Fixed. :)

  • there are some style issues, mainly about the position of *, e.g.
    +    void *ptr = malloc(size);
    

Fixed. :)

comment:11 Changed 7 years ago by jelte

  • Owner changed from UnAssigned to jelte

comment:12 Changed 7 years ago by jelte

  • Owner changed from jelte to muks

Two additional comments;

  • The base class should have a virtual destructor
  • IIRC, we agreed on -dev at some point that the methods overriding virtual method should also be classified as virtual (to show that they are overriding something and not local to the derived class only)

comment:13 in reply to: ↑ 10 ; follow-up: Changed 7 years ago by jinmei

Replying to muks:

Hi Jinmei

Replying to jinmei:

Some quick comments:

  • I myself am not really sure, but I guess we'd probably like allocate to throw when it fails to allocate the memory.

"Fails to allocate memory" depends on the implementation, so whether it would throw or not would depend on the implementation.

First, let me clarify I actually meant the case where malloc() returns
NULL by "fail to allocate memory".

For the malloc() implementation, malloc() could return NULL. There are arguments both for and against NULL-testing this pointer, and I side with not NULL testing it unless we think it's reasonable for it to fail (such as for very large buffers). For small sizes if it returns NULL, in typical programs it is a fatal situation. Throwing here isn't likely to help and could have issues of its own. If large sizes are requested, then it's better left to the caller to handle a NULL return. For a well-written program running on a system reasonably configured for it, there should not be an unexpected out-of-memory issue in malloc(). If there is, it would be due to some programming (leak) or system configuration error.

I tend to agree that when malloc() returns NULL for a reasonable size
it would be leak or some system level error. But for the rest of the
above I either don't understand it or disagree on it.

I don't know what you mean by issues of throwing itself, but our
overall implementation generally expects when the free store operator
'new' fails to allocate memory bad_alloc is thrown (although we
generally only catch it at the highest level of the application and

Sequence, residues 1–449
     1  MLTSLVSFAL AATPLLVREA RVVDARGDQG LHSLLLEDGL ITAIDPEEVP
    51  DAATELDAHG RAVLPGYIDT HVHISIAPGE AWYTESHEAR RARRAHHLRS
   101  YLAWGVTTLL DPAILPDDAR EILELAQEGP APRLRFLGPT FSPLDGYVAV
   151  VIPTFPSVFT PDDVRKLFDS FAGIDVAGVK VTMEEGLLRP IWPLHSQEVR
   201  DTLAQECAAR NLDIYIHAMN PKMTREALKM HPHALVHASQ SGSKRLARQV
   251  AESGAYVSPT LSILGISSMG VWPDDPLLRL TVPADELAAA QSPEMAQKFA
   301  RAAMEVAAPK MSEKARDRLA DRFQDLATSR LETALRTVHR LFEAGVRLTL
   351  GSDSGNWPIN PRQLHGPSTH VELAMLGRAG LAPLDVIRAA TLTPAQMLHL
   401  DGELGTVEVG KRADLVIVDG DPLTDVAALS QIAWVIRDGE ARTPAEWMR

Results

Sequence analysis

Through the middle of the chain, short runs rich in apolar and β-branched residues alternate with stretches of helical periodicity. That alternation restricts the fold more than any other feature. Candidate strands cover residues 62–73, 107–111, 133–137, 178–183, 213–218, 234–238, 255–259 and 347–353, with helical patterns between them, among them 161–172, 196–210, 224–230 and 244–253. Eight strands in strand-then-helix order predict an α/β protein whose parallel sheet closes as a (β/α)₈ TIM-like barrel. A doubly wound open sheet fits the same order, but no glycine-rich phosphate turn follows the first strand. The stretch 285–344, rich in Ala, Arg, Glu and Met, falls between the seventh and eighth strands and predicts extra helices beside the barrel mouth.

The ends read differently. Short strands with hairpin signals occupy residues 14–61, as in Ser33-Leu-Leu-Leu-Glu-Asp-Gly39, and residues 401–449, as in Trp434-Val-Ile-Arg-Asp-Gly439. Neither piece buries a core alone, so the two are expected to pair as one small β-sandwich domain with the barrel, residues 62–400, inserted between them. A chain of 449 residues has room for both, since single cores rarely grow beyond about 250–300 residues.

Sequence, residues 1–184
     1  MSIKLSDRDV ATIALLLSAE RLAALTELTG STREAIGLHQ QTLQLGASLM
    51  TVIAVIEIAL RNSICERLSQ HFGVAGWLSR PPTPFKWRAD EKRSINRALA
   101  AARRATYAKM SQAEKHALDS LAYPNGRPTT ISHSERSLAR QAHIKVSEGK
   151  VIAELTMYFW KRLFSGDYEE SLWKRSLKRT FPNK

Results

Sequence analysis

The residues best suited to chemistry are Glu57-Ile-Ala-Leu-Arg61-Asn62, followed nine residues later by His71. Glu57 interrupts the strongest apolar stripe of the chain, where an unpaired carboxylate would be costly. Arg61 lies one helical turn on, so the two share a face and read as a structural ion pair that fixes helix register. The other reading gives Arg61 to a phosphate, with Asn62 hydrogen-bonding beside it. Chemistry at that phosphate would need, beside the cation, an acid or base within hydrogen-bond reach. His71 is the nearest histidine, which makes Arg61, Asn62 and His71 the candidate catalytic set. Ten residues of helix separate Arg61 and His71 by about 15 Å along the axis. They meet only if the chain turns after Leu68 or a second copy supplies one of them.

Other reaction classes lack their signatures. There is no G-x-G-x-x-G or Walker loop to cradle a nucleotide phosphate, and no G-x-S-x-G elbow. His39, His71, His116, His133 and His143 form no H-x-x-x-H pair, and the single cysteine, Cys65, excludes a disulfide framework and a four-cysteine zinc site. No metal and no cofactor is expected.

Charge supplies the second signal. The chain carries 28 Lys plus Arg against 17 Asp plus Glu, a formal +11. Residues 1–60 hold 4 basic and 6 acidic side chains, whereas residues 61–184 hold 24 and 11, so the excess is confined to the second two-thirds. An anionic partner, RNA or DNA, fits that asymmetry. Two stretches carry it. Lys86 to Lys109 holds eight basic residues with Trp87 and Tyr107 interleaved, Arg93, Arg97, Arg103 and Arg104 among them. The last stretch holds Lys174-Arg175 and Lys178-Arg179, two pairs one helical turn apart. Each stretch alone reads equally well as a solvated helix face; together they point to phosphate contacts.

exit immediately). Since MemorySegment::allocate() is a kind of
wrapper for the standard memory allocator, I think it provides more
consistent interface.

I'm not sure what you mean by 'not NULL testing'. The current
implementation in the branch actually does test if the returned value
is NULL or not:

    void* ptr = malloc(size);

    if (ptr != NULL) {
        allocated_size_ += size;
    }

If you mean by 'not NULL testing' we'd let the caller handle the
situation where the pointer is NULL, I'd say it'll just result in the
same behavior (throwing an exception) with forcing the caller to
repeat the same pattern. As noted above, our overall interface
expects memory allocation to generally succeed or result in an
exception in the worst case, so the caller would often have no other
way to handle it than by throwing an exception itself (it's generally
the case for constructors, and also apply to many methods/functions
that return void).

If you actually mean by 'not NULL testing' even the caller doesn't
care if MemorySegment::allocate() returns NULL and it will let the
program subsequently segfault or something, I've never heard of that
argument as a reasonable design option. At least I personally
strongly oppose to it. If the caller immediately tries to dereference
the returned pointer, it will immediately cause a segfault, and the
end result is not so different (I still prefer making it more explicit
via an exception (with which we could handle it a bit more gracefully
if we want) or assert()ing it, but at this level I see there are both
for and against camps). But if it simply stores the pointer somewhere
and returns, basically assuming the pointer is valid, it will create a
strange inconsistent state in the system, which will lead to very
strange crash (if we are relatively lucky) or some awkward behavior
(if we are more unlucky) that is very difficult to debug because the
real cause of the problem is far from where the visible issue happens.

So, to me, the only possible options were

  1. MemorySegment::allocate() throws if malloc() returns NULL, or
  2. MemorySegment::allocate() does nothing if malloc() returns NULL and passes it to caller. We request the caller handle that situation appropriately (in documentation), which would be throwing an exception in practice anyway.

Originally I was not sure which one is better in this specific case
because in the limited usage of MemorySegment::allocate(), it might be
more convenient for the caller to explicitly catch the rare failure
case (than doing try-catch or using some wrapper class for RAII). But
I now expect it will probably not be the case. Since option #1 is
more consistent with other part of our internal interfaces, I now
prefer this option. But if you meant option #2 for some specific
reason, we can discuss it.

There is one more issue. In some demand paging kernels (Linux included), allocations are over committed in the default configuration (unless it's a very very large buffer requested or some other conditions exist). For typical malloc()s, it will never return NULL. libc requests more memory and the kernel always allows the brk() to pass and creates table entries. Only when there's a page fault does the kernel try to find a frame for it and OOMs processes if necessary then. So NULL checking of malloc() output won't be useful.